The Uphill Battle

Uphill1I am constantly amazes by the uphill battle that our species must take in order to manifest our greatness. I believe most people are good-hearted, yet we are constantly engaged in activist work, usually as a result of the power dynamics that drive our civilization.

I’ve previously written on the nature of power, and how I believe it to be the underlying characteristic for the development of civilization. Because our major relationship with power has been that of domination by a small minority, thereby imposing onerous consequences on the majority, we are constantly in this uphill battle. I wonder when we will learn, as a species, that it is not a very productive way to be.

For me, the most recent example of this is the interplay between the Trump administration and the leadership of North Korea, an interplay that brings us close to nuclear war. At some level, the issue is very simple — if North Korea attacks another country, it will be destroyed; it is simply too small a player to avoid this consequence. As such, instead of imposing more sanctions (which thus far have been ineffective), I would advocate for removing all sanctions, demonstrating that the rest of the world wants peace.

The current nature of nationalism does not allow a powerful international body, if there was one, to impose control on any nation, including North Korea (or for that matter, the United States), and as such, negotiation and threat are the only tools available.

Threat does not lead to peace; only peace leads to peace.

Power as a dynamic is no longer a useful phenomena in civilization; the world is too integrated, and the dynamics of power leads too much inequality. However, the world currently runs on power, and thus we must come to terms with having power over power.

The message can be very simple. If you attack another country, we will destroy you. Then, remove all sanctions; demonstrate that we want peace.

Even with this, defensive policies are still necessary. I would thus advocate for an international policy of forestalling the launching of any nuclear missiles by any country, while allowing for counter-measures by other countries. Such a policy might be that of destroying any missiles propelled (by any country) outside of national air space (12 km high), even those sent directly upwards into supposedly international space. This would allow maximal time for counter-measures to block the consequences of such missiles where it is feared that the missiles carry a destructive payload. (An exception would be the launching of single missiles following announcement of the intention to establish a  satellite for scientific purposes.)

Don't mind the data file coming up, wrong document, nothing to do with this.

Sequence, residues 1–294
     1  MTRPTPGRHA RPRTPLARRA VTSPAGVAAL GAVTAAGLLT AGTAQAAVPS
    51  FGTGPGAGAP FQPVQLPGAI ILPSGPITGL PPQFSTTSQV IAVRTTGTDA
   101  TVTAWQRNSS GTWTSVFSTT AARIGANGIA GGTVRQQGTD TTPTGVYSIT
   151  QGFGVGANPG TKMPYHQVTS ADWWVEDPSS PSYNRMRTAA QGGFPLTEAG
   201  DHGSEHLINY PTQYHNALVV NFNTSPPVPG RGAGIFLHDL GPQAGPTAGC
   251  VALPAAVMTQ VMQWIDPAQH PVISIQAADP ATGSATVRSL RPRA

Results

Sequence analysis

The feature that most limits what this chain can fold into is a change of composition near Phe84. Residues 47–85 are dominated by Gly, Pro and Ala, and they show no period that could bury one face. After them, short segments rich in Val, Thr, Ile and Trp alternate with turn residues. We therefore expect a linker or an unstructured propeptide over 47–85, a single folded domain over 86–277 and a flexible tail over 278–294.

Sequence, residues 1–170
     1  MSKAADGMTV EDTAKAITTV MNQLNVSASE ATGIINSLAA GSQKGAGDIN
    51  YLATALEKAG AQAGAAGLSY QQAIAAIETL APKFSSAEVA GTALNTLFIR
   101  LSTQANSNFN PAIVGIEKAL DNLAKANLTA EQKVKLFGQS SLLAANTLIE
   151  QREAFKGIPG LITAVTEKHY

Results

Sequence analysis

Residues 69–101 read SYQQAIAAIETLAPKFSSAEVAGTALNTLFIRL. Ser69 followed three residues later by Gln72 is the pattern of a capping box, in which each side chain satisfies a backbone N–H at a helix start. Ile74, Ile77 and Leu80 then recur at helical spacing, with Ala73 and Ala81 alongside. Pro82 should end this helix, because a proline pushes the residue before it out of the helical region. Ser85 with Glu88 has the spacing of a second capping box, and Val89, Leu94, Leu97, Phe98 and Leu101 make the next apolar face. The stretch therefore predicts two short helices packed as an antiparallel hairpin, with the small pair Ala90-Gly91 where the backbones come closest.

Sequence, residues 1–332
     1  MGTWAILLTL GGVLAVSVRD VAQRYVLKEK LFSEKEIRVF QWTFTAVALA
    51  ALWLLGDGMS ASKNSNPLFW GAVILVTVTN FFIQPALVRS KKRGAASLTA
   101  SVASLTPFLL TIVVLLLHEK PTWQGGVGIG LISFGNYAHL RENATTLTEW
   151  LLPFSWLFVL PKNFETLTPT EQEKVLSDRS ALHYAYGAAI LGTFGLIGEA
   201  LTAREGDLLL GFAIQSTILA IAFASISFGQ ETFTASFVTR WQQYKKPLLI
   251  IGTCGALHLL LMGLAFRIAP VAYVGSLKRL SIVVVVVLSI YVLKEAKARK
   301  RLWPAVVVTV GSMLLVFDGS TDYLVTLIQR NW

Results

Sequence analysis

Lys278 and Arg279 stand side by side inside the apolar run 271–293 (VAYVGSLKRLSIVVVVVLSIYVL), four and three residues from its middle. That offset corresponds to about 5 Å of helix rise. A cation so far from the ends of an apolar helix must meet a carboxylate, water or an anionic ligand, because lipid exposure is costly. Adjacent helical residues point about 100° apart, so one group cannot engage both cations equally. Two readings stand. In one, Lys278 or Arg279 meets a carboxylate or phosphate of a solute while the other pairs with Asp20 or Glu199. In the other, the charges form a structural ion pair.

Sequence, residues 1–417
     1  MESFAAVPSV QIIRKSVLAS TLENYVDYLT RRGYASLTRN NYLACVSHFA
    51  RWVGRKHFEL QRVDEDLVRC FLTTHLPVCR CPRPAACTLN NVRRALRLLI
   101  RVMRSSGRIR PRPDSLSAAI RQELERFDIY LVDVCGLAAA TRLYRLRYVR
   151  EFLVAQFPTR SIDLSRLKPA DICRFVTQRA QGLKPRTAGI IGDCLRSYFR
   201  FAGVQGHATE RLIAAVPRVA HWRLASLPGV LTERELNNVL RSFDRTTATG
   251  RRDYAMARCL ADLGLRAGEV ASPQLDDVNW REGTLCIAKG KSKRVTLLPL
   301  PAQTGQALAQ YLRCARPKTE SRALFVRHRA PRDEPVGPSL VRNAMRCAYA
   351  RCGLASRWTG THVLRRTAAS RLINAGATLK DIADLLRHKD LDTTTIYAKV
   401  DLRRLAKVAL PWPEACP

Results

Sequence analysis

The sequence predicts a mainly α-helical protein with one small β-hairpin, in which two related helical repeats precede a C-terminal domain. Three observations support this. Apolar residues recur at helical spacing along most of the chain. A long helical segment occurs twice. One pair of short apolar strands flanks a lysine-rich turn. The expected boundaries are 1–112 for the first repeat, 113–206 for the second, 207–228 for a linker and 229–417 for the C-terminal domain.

In the following links, I suggest that this management of power is underlies what Naomi Klein and others are attempting in nonviolent resolutions.

Harvey Didn’t Come Out of the Blue. Now is the Time to Talk About Climate Change. (20170829)

Naomi Klein, as usual, speaks clearly concerning the issues that become hidden when we are in high anxiety mode responding to catastrophe. The usual stall is “We’ll talk about it later; right now, there is too much pain.” But amidst the next source of anxiety, later never seems to come.

Video: How to Resist Trump’s Shock Doctrine (20170613)

Some very good ideas on the politics of catastrophe, and of how to respond, but as a populus, we are not yet ready. I wonder when and how … (In the light of recent events in Korea, I also find it fascinating that she even names the possibility of war as a pretext for societal injustice, our current dilemma.)

Disturbing New Evidence of How the Trump Era Is Boosting Misinformation and Propaganda (20170907)

We must also come to terms with the age of disinformation.

Dolores Huerta is done being edited out of her own history (20170905)

A more classic way in which disinformation has functioned — ignore the contributions of minorities and women.

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